Thanks for reading and not throwing stuff

Brian LeGros | February 16th, 2008 | useless  

Over the last few months I’ve started to notice that I’m actually getting traffic to my blog. I don’t think I’m getting that much traffic in the grand scheme of things, but it’s cool to see that my ramblings aren’t completely useless. In fact I checked FeedBurner today and found that 39 people are actually subscribing to my blog. This is great, but at the same time I need to remind everyone, while you subscribe to my blog, I subscribe to mediocrity and failure. As long as you realize I don’t have anything but low expectations for myself, what I produce will appear to be of a much greater quality.

From the analytics standpoint, I started blogging towards the end of May 2007, and as of today, I’ve reached roughly 10,500 unique visits, my average user time on site is 00:01:21, my bounce rate is 77.92%, and my new visits are 82.32%. Frankly, I’m astonished; I can only take the orange for at most 00:01:00 so thank you to the brave souls who endure. The majority of what people seem to be reading are the restaurant reviews which is not surprising considering the infrequency of and small audience for my posts on programming. That being said, I really enjoy writing up my experiences for local restaurants in the Central Florida area. Anyone who knows me, knows I like to eat. Local joints, especially restaurants, struggle enough to get their feet off the ground; if I can help them get their name out and reduce the amount of chain restaurant abuse in the area, that’s awesome. In fact, recently I’ve noticed that my wife and I are starting to repeat at a lot of places I’ve blogged about. If anyone has any new restaurants they can recommend in the Brevard area, please email me or post a comment. I have a feeling I have a lot more exploring to do.

As for those of you who read my programming posts, thanks for keeping an open perspective with respect to my thought process. I’m currently working on a few posts regarding DSLs in ColdFusion, a revisit of Grails, and different approaches to event handling in Flex. Please consider this fair warning that disappointment may be coming your way if you stay tuned in.

In all seriousness though, thank you to everyone who stops by and takes the time to read my sometimes nonsensical rants. I appreciate your average of 1.3 minutes and look forward to the day when I can provide something for you that makes you want to put in that extra 0.01 minute. Have a good one.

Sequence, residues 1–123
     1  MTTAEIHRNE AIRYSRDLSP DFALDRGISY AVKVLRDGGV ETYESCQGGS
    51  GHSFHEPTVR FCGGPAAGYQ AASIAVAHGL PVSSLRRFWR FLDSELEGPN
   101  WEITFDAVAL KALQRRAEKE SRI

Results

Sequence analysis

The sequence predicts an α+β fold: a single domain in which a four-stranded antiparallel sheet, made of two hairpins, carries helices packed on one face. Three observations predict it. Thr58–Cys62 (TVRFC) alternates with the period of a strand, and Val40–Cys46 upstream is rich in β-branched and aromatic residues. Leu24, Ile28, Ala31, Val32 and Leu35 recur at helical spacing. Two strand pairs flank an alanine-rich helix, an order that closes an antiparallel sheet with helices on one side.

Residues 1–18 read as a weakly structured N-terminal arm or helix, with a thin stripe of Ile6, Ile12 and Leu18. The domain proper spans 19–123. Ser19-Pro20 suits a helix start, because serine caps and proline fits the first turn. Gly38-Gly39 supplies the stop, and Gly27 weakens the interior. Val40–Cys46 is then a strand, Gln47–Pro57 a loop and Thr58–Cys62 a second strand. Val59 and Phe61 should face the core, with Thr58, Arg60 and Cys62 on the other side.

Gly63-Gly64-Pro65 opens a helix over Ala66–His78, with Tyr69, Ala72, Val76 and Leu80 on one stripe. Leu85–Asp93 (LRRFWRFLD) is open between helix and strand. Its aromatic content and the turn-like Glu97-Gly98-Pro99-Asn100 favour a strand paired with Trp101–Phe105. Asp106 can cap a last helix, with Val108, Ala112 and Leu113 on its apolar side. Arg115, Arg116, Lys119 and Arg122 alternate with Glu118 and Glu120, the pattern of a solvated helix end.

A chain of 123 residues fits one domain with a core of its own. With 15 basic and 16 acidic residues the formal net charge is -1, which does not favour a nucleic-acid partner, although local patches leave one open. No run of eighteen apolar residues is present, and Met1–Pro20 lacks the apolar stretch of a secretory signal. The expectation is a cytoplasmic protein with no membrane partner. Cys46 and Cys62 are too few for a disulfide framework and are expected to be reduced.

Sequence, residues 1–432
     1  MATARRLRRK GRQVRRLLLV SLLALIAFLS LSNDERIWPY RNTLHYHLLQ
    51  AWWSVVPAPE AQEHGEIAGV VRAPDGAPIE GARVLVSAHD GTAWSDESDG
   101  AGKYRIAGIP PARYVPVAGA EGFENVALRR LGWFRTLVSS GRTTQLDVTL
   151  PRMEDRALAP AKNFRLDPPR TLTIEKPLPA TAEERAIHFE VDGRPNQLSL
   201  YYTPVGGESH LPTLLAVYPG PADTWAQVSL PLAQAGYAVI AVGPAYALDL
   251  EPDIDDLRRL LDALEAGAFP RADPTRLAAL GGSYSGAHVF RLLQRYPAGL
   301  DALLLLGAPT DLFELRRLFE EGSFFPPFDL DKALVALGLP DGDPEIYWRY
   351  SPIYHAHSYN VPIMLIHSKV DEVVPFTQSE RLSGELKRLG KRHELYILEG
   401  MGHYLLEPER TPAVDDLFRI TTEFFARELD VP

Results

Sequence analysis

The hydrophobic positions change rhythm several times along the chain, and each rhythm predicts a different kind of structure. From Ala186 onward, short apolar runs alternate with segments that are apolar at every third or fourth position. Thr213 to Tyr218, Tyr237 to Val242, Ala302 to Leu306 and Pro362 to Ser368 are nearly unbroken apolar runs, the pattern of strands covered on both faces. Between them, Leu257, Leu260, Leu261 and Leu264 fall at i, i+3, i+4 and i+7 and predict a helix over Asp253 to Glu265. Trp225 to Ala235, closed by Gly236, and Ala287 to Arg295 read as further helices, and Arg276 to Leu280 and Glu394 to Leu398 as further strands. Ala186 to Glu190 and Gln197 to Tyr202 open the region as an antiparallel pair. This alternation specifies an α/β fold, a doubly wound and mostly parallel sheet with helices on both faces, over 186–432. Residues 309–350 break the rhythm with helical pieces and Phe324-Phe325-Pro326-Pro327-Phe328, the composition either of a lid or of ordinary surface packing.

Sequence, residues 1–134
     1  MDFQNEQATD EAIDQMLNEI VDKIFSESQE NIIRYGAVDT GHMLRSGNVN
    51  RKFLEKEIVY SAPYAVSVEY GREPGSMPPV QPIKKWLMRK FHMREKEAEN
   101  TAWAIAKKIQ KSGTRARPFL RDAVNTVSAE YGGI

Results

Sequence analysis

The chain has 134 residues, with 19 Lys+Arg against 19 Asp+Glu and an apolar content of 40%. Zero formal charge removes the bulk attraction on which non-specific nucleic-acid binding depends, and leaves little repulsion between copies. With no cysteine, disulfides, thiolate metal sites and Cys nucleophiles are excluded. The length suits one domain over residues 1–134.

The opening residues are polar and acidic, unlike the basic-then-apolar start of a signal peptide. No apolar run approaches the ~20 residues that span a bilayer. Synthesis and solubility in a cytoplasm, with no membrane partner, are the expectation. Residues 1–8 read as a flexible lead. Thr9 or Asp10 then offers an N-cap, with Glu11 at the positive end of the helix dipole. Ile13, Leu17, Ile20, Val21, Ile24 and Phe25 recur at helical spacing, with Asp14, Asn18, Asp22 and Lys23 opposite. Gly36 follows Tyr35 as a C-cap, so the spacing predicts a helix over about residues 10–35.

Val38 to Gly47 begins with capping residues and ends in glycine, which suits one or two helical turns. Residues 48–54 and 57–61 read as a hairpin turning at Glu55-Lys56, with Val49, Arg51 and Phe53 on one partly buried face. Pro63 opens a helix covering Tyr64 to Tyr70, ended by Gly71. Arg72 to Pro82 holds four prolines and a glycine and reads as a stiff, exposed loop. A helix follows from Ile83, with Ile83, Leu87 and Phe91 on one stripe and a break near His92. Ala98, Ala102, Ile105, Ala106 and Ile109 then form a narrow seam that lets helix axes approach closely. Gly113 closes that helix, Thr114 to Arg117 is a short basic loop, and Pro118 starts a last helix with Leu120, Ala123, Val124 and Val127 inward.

Podcast Rundown

Brian LeGros | February 16th, 2008 | programming  

I spend about 3-4 hours a day driving to work and back, so I listen to a lot of podcasts along the way. It’s taken a while to put together a good list, but over the last year or so I’ve been able to build up a pretty reliable set of shows. I think I’ve really been able to grow as a developer by being exposed to so many perspectives. I don’t always agree with or understand the content I listen to, but at the very least my exposure to that content has helped me learn to take more of a balanced perspective in my career. I also like to listen to technology and science podcasts, but that’s more for fun.

Below is a list of what keeps me occupied on my drive; I’ve tried to include the feed for each podcast as well. Some are updated infrequently, but I enjoy them. If you’re a developer and are interested in hearing others approaches to development, I hope this list offers some help.

Programming

Tech, Science, Fun

acts_as_conference 2008 : Wrap-Up

Brian LeGros | February 10th, 2008 | conferences  

Overall, I have to say I really enjoyed my first Ruby conference. The selection of speakers was great, the topics were interesting, and the vibe of the community was cool. The keynote presentations were a little far out for me at first, but after some thought I can definitely appreciate them for the messages they attempted to deliver. In fact, I must admit I have always had a stereotype of the Ruby community as being immature when it comes to development and overly focussed on a single web framework. acts_as_conference did a great job of helping me to douse those misconceptions. Also, I ended up winning a book at the conference on Google Maps, Rails, and AJAX, so that was cool; not sure if I’ll use it, but a nice perk none the less.

If I wasn’t always so busy planning for the Adogo, I would definitely try to get more involved in the Ruby community in Orlando, which is definitely thriving. I don’t know if Ruby is where I’ll end up for any large amount of time, but I’m definitely encouraged to work with it and am having fun in the process. Of course, I’m energized from the conference, so I’m sure my eagerness to fail will kick in over the next few days.